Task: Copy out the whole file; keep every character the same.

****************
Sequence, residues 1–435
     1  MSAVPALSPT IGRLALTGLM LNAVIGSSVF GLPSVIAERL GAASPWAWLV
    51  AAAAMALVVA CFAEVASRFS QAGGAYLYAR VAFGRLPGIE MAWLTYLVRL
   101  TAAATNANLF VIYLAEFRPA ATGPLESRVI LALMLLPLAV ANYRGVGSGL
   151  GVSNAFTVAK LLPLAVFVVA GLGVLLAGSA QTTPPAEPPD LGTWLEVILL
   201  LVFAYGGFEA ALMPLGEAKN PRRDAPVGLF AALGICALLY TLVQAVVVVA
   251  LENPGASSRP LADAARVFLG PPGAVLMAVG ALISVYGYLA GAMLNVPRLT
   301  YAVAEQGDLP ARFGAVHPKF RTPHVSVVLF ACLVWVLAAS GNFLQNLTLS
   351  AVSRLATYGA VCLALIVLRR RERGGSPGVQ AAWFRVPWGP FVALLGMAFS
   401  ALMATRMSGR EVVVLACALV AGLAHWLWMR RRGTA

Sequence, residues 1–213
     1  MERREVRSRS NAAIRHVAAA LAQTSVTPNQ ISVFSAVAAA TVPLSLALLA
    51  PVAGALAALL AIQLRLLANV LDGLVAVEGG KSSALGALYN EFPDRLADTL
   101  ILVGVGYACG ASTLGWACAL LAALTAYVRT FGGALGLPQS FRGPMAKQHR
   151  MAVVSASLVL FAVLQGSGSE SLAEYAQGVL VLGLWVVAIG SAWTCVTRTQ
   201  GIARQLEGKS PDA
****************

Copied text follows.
Sequence, residues 1–435
     1  MSAVPALSPT IGRLALTGLM LNAVIGSSVF GLPSVIAERL GAASPWAWLV
    51  AAAAMALVVA CFAEVASRFS QAGGAYLYAR VAFGRLPGIE MAWLTYLVRL
   101  TAAATNANLF VIYLAEFRPA ATGPLESRVI LALMLLPLAV ANYRGVGSGL
   151  GVSNAFTVAK LLPLAVFVVA GLGVLLAGSA QTTPPAEPPD LGTWLEVILL
   201  LVFAYGGFEA ALMPLGEAKN PRRDAPVGLF AALGICALLY TLVQAVVVVA
   251  LENPGASSRP LADAARVFLG PPGAVLMAVG ALISVYGYLA GAMLNVPRLT
   301  YAVAEQGDLP ARFGAVHPKF RTPHVSVVLF ACLVWVLAAS GNFLQNLTLS
   351  AVSRLATYGA VCLALIVLRR RERGGSPGVQ AAWFRVPWGP FVALLGMAFS
   401  ALMATRMSGR EVVVLACALV AGLAHWLWMR RRGTA

Sequence, residues 1–213
     1  MERREVRSRS NAAIRHVAAA LAQTSVTPNQ ISVFSAVAAA TVPLSLALLA
    51  PVAGALAALL AIQLRLLANV LDGLVAVEGG KSSALGALYN EFPDRLADTL
   101  ILVGVGYACG ASTLGWACAL LAALTAYVRT FGGALGLPQS FRGPMAKQHR
   151  MAVVSASLVL FAVLQGSGSE SLAEYAQGVL VLGLWVVAIG SAWTCVTRTQ
   201  GIARQLEGKS PDA